When the first mason probably started work on the Ruprechtskirche (St. Rupert’s church), the Kingdom of England still wouldn’t exist for another 100 years.
The oldest church in Vienna makes most of its neighbours look like toddlers.
- Possibly well over 1000 years old
- Romanesque design and still a parish church today
- Noted location in The Third Man
- See also:
St. Rupert’s church
A little patch of the town centre in Vienna goes by the name of the Bermuda Triangle. Bars and restaurants pepper old streets free of traffic, and the area echoes at night to the sound of tinkling wine glasses and good company.
Perhaps surprisingly, that very same area also houses two venerable religious institutions.
One is the 1826 city temple of Vienna’s Jewish community. The other is the Romanesque Ruprechtskirche, a church whose roots date back perhaps over a thousand years.
Ruprechtskirche sits on a slight elevation and also above one of the few remaining pieces of the old city fortifications that once kept the Ottoman empire at bay. The church seems to defy its surrounds, squatting slightly incongruously among houses from the early 1830s.
One side looks across to a small arm of the Danube (the so-called Donaukanal), though this was not always the case: WWII bombs apparently destroyed the house that once blocked the view of the water.
Watch the movie The Third Man, and you’ll see the main protagonists (Holly Martins and Anna Schmidt) run past the church and down the steps toward the river just a few years after the war ended.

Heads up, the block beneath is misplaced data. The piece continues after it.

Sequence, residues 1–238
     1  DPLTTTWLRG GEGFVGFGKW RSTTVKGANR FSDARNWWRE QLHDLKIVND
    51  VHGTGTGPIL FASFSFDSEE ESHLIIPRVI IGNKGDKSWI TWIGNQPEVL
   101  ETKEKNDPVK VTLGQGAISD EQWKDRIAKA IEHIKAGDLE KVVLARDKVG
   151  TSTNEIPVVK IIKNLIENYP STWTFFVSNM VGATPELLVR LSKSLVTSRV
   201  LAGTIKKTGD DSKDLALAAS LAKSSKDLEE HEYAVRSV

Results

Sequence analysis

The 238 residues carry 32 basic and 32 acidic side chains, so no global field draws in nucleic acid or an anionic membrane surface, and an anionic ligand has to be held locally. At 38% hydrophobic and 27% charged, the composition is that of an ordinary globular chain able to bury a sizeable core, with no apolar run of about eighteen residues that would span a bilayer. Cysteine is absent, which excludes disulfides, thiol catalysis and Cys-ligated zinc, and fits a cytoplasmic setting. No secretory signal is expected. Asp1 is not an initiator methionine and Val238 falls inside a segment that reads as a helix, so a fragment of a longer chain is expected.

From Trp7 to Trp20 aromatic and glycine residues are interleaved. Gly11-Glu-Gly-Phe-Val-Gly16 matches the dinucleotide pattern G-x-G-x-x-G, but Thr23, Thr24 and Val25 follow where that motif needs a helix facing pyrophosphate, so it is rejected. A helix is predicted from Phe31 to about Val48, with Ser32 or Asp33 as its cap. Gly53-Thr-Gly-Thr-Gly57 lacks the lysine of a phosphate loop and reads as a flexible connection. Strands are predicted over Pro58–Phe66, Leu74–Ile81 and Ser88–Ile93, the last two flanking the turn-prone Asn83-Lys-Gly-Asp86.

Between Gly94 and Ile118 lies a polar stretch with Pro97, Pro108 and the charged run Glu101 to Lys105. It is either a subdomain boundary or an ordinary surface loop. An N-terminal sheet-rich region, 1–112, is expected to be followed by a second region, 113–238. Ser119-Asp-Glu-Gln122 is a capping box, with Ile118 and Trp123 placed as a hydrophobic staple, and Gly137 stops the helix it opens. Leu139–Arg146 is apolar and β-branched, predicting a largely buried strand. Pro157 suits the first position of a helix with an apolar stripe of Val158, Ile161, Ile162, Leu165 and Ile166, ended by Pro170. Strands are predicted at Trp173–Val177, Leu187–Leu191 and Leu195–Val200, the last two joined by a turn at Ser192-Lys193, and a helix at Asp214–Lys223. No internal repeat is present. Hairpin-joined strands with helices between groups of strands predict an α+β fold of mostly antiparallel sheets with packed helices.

The true age of the building remains unclear. We can certainly consider it the oldest standing church in the city, and it still serves an active parish.
(Incidentally, you’re not far from another remarkably old church: the Gothic Maria am Gestade on Salvatorgasse and a location that, coincidentally, also featured in The Third Man.)
Some evidence suggests Ruprechtskirche may have first appeared around the turn of the 8th and 9th centuries (!), immediately after the successful conquest of the Pannonian Avars (tribal nomads) by the Christian Franks.
The first documented official mention dates back to 1200, which describes the church as the oldest in the settlement.
Needless to say, the building now combines bits and pieces from throughout the centuries: bells from the 1200s, for example.
Curiously, the institution has a strong connection to the salt (German: Salz) trade; nearby street names like Salzgries or Salztorgasse hark back to those times.
St Rupert is the patron saint of Salzburg and salt from west Austria would have been unloaded from the river transports in this part of Vienna.
The Salzamt royal salt monopoly building and Ruprechtskirche were once neighbours, with the former (and the associated trade) long-time custodians and benefactors of the church.
How to get to the Ruprechtskirche
Like most locations in the centre, Ruprechtskirche is just a short walk from public transport options.
Should you be traipsing along the usual sightseeing routes around Stephansdom cathedral, simply wander northish down Rotenturmstraße to reach the area.
Subway: The Schwedenplatz transport hub, for example, is just a bit further up along the Donaukanal (U1 and U4 subway lines)
Tram: Lines 1 and 2 stop at Schwedenplatz. The 1 also stops at Salztorbrücke, also close by in the other direction along the Donaukanal.
Bus: The old town bus lines stop nearby. For example, take the 3A to Salzgries, the 2A to Schwedenplatz or Rotenturmstraße, or the 1A to Hoher Markt.
Address: Ruprechtsplatz 1, 1010 Vienna | Website